For those who love fishing rivers, this is the beginning of a memorable spring season! Stripers and white bass are in the beginning stages of their annual spawning migration up into the Chattahoochee and Chestatee Rivers above Lake Lanier, the walleyes are already on their spawning run, crappie are moving shallow, and a “Chattahoochee Grand Slam” (a shoal bass, largemouth bass, and a spotted bass on the same day) is now possible in the upper reaches of the lake above Belton Bridge.
A few days of extra-warm weather has triggered the mating instinct in the white bass and striped bass, and the run is on in the northernmost waters of the Chattahoochee and Chestatee Rivers. The excitement began as soon as the temperature crept above the 50 degree mark, and all the muddy water from recent rains had cleared.
Many of the migrating white bass and stripers travel up into the Chestatee River as far as the shoals above Highway 400 or on the Chattahoochee River to the rocky runs above Belton Bridge. Without proper knowledge or the right type of boat, however, anglers often find themselves in life threatening situations in the upper rivers. Therefore, so that my clients can sample the great white bass and striper fishing, the walleye spawn, and have a chance at the “Slam” in these areas in safety, I use a specially-designed, jet-powered, aluminum river boat.
Though not in as large numbers, white bass and striped bass are also found in areas south of the river shoals where they are more accessible to conventional craft. These fish seem to prefer sandy flats near the moving water of one of the main river channels.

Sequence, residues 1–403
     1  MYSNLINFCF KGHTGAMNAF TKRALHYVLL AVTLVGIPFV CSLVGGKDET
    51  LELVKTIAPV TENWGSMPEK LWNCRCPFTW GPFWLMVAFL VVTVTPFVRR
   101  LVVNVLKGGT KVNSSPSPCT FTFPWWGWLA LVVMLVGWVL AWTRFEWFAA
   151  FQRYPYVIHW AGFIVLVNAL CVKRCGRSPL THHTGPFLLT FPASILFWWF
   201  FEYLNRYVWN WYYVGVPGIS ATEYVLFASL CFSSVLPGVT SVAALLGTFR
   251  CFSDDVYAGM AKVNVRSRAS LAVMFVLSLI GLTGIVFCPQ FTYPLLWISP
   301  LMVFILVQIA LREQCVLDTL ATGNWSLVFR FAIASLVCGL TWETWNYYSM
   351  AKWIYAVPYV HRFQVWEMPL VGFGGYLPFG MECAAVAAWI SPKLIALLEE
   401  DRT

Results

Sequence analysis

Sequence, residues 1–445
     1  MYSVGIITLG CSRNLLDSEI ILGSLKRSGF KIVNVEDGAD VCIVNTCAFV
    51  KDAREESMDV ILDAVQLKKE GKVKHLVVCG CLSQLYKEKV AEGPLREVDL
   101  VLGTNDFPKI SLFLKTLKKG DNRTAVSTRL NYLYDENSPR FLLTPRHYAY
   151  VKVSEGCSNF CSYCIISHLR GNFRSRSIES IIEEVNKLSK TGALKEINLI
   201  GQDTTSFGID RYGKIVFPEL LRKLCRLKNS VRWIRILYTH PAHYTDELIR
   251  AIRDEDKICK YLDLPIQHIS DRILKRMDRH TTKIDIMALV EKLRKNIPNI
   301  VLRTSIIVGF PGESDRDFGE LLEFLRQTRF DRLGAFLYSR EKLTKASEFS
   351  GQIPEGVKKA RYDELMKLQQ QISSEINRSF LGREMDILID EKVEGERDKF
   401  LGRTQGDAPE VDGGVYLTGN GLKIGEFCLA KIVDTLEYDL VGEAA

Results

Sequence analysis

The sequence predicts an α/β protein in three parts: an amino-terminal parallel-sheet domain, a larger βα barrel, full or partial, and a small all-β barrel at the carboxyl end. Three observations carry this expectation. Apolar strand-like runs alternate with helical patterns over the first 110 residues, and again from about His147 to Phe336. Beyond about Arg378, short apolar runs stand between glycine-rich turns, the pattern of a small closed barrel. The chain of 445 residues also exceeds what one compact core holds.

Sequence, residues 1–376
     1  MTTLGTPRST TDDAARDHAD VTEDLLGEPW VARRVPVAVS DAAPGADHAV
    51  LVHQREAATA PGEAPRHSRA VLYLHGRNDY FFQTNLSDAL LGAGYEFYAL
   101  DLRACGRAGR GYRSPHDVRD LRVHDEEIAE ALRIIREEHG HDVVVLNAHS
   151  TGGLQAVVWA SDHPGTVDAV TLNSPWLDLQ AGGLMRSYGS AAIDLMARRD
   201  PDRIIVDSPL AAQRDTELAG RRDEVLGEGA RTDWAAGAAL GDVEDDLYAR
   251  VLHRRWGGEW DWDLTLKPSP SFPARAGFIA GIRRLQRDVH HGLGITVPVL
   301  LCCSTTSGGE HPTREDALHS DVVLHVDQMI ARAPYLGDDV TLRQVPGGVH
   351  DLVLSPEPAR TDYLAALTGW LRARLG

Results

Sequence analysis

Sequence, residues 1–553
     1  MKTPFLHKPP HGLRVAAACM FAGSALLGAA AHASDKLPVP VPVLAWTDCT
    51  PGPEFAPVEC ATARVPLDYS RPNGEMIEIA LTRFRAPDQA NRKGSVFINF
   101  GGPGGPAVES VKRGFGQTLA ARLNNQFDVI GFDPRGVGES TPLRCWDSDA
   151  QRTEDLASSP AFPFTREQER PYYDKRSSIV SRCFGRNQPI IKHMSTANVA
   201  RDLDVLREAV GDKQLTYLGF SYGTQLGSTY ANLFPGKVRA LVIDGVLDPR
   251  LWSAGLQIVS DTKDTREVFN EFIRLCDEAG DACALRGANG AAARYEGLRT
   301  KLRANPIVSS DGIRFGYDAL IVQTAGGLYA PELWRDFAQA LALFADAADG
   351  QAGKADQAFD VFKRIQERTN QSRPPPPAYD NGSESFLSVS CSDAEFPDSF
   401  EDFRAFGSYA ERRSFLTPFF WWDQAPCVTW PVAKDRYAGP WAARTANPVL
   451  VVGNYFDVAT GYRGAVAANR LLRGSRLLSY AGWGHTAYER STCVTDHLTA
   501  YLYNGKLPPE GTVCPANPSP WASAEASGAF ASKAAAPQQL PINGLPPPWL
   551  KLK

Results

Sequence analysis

The area from White Sulphur Access Point north to Lula Bridge on the Chattahoochee and from Wilkie Bridge to just north of Lumpkin County Park on the Chestatee side is excellent. Especially productive spots are the mouth of Yellow Creek and the big bend in the river near Lumpkin County Park.
Casting the edge of these flats with my 1/8th or 1/4 ounce Swirleybirds, Blakemore Roadrunners, or 1/8th ounce jig and curlytail grubs can be effective as a means of locating the schools. White or chartreuse are always excellent color choices.
Other white bass and stripers make their spawning runs into major tributaries around the lake. Flowery Branch, Bald Ridge, Six-Mile, Four-Mile, and Flat Creeks are good spawning areas for these fish.
The striped bass and their cousins, the white bass, are headed north again, and for those lucky enough to locate a large school of either species, it can be an explosive experience. Also, a chance at catching a “Chattahoochee Grand Slam” is possible for the next two months. So, if you need more information, guide service, or Swirleybird spinners, check www.georgiafishing.com.